Welcome! This blog tracks the real estate market in the Central Shenandoah Valley, featuring market data and analysis, an exploration of common buying and selling questions, and candid commentary on all things real estate.
If you are interested in discussing any of the topics on this blog, or the details of your specific real estate situation, call or e-mail me!
If you will be selling your home to buy another, there are a lot of numbers floating around....
Above you will see a spreadsheet I put together to help you think about some of these numbers as you are evaluating if and when you will make a move to a new house.
In yellow, are all of the inputs you will need to provide, or that you and I can determine together, such as your current payment, your home's current value, your mortgage payoff, whether you will be putting any additional money into the transaction, etc.
In green, I have identified your potential future mortgage payment and the net change in your monthly payment.
All of the numbers without a background color will automatically calculate for you.
As a buyer, when you are walking through a home, keep in mind that the seller might be listening. These days, there are plenty of ways that a seller could be monitoring their home, with a security camera, or other recording device that could allow them to hear every word you are saying while you are in their house.
1. Don't insult their house. It won't help during negotiations.By the way, sellers, it may not be legal for you to record conversations in your home while you are gone. You should likely either NOT record conversations, or disclose that it is taking place.
P.S. I am not an attorney. Consult one if you want an actual legal opinion. Ask me if you need a recommendation.
Sometimes a seller is stating this as soon as they list a property:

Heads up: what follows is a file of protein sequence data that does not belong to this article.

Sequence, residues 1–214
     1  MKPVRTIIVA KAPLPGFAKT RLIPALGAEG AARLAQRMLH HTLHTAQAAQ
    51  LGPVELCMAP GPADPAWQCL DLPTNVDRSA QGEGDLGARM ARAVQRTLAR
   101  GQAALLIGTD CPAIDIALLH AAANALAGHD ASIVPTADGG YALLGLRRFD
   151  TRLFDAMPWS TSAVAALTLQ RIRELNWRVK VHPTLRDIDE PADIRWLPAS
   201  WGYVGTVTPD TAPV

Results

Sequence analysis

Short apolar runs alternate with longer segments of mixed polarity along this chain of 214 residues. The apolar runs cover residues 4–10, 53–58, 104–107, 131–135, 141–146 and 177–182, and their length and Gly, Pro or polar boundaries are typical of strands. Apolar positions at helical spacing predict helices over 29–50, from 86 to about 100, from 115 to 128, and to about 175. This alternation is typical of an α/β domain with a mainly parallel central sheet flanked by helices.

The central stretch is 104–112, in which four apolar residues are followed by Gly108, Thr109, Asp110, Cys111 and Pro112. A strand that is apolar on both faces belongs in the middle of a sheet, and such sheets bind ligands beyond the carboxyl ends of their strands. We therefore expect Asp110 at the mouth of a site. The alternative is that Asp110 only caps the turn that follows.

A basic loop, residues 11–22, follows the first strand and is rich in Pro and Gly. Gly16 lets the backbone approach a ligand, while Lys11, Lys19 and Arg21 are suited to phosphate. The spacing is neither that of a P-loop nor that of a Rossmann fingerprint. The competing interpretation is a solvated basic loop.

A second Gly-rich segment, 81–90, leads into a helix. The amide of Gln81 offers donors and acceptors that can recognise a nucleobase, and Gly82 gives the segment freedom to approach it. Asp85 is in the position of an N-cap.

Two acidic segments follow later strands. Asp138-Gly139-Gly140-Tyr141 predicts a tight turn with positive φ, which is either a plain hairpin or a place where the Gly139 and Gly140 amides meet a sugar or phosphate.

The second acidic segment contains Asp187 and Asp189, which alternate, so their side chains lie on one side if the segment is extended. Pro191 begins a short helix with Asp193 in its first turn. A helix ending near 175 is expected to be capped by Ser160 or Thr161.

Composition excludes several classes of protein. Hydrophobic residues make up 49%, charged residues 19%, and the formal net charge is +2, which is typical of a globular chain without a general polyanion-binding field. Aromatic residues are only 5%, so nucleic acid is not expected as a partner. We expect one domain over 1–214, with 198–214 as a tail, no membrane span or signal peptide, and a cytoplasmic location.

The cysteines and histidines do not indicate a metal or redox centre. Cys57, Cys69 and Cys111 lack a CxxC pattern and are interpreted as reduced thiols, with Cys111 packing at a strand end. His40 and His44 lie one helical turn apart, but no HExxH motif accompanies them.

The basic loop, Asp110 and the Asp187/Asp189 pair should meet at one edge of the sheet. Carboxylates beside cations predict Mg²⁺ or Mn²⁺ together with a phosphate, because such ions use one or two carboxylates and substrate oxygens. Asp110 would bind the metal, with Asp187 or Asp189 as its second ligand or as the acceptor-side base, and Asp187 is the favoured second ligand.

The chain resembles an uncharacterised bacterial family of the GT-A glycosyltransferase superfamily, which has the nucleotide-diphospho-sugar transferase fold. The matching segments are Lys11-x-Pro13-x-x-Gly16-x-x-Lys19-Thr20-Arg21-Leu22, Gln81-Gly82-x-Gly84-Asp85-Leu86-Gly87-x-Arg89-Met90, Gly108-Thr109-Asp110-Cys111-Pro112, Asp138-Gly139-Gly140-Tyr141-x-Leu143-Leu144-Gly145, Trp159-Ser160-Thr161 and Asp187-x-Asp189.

All inspections are for informational purposes only.
But sometimes a seller will introduce this amidst negotiations. This can certainly trigger some warning signals for a buyer......but should it?
Here are the top three innocent reasons why a seller would want a home inspection to be for informational purposes only....
Are you a Twitter user? If so, you can keep up with new residential real estate listings in the Harrisonburg and Rockingham County area by following @NewListHburg.
So, yes, per many of your requests, there are now LOTS of ways to keep track of new listings in this area....
1. NewListingsInHarrisonburg.com - this is a mobile friendly website, and you can add a shortcut to your home screen on your phone.
2. New Listings by Email - every time there is a new listing, you'll get an alert by email.
3. New Listings via RSS - for those RSS feed readers among you.
4. New Listings via Twitter - tweet, tweet.
I expect this to be a fast moving Spring and Summer real estate market -- so now (with the options above) there is no excuse for not keeping up with new listings for sale if you are in the market to buy this year.
If you have further recommendations (carrier pigeon?) for ways to keep up with new listings, just let me know.
Most buyers looking to spend over $400K (or certainly those looking over $500K) will also be considering building a new home.
Typically, the tension between buying vs building is one of:
If you build, you can get the house you want, but you'll pay more for it and it will take a lot of time and attention.
1. Goals = Win
2. Money = Lose
3. Timing = Lose
If you buy an existing home, you won't get exactly what you want, but you will pay less for the house and the process will not be a drain on your time.
1. Goals = Lose
2. Money = Win
3. Timing = Win
Don't let my oversimplification of this issue fool you -- this is something that buyers can get stuck debating for months, or even years, often while looking at resale homes to try to convince themselves to buy instead building.
If you are stuck in this quagmire, I'd be happy to meet with you to talk through some of the pros and cons and try to help you come to a decision you'll be pleased with in the short and long term.
According to Wikipedia, a stick-built structure is "one constructed entirely or largely on-site," as opposed to a modular home that is "divided into multiple modules or sections which are manufactured in a remote facility and then delivered to their intended site of use."
My experience in chatting with buyers over the past 14 years has been that there are mixed opinions on modular homes. For example, some would suggest that . . .